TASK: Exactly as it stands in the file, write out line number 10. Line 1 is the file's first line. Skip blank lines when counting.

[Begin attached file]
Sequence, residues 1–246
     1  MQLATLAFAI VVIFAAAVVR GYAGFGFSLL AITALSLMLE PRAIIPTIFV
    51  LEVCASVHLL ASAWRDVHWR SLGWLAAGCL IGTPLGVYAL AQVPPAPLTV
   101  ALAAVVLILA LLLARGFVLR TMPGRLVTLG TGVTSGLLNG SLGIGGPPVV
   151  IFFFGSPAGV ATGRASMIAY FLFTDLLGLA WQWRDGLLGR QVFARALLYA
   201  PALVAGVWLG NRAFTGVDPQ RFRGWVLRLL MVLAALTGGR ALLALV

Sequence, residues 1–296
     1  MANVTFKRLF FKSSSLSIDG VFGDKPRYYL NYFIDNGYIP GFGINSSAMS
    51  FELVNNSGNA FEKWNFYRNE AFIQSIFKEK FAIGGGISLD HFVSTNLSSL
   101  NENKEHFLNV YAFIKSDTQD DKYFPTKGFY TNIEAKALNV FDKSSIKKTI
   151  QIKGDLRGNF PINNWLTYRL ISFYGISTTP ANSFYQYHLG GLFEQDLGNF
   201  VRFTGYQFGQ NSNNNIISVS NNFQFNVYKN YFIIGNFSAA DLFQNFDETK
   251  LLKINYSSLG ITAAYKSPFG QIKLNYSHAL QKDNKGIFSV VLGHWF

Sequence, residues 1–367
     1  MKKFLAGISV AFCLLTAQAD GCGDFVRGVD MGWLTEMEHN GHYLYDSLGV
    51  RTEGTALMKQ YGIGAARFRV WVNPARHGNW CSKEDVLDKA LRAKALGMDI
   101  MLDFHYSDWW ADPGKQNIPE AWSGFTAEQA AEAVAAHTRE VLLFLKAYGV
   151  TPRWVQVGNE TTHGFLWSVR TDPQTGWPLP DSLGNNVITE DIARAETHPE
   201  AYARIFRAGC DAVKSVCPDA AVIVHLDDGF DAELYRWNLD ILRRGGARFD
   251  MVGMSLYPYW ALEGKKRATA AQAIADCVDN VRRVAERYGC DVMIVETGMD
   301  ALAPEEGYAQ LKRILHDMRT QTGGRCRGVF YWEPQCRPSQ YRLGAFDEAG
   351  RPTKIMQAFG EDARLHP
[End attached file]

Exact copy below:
   101  NENKEHFLNV YAFIKSDTQD DKYFPTKGFY TNIEAKALNV FDKSSIKKTI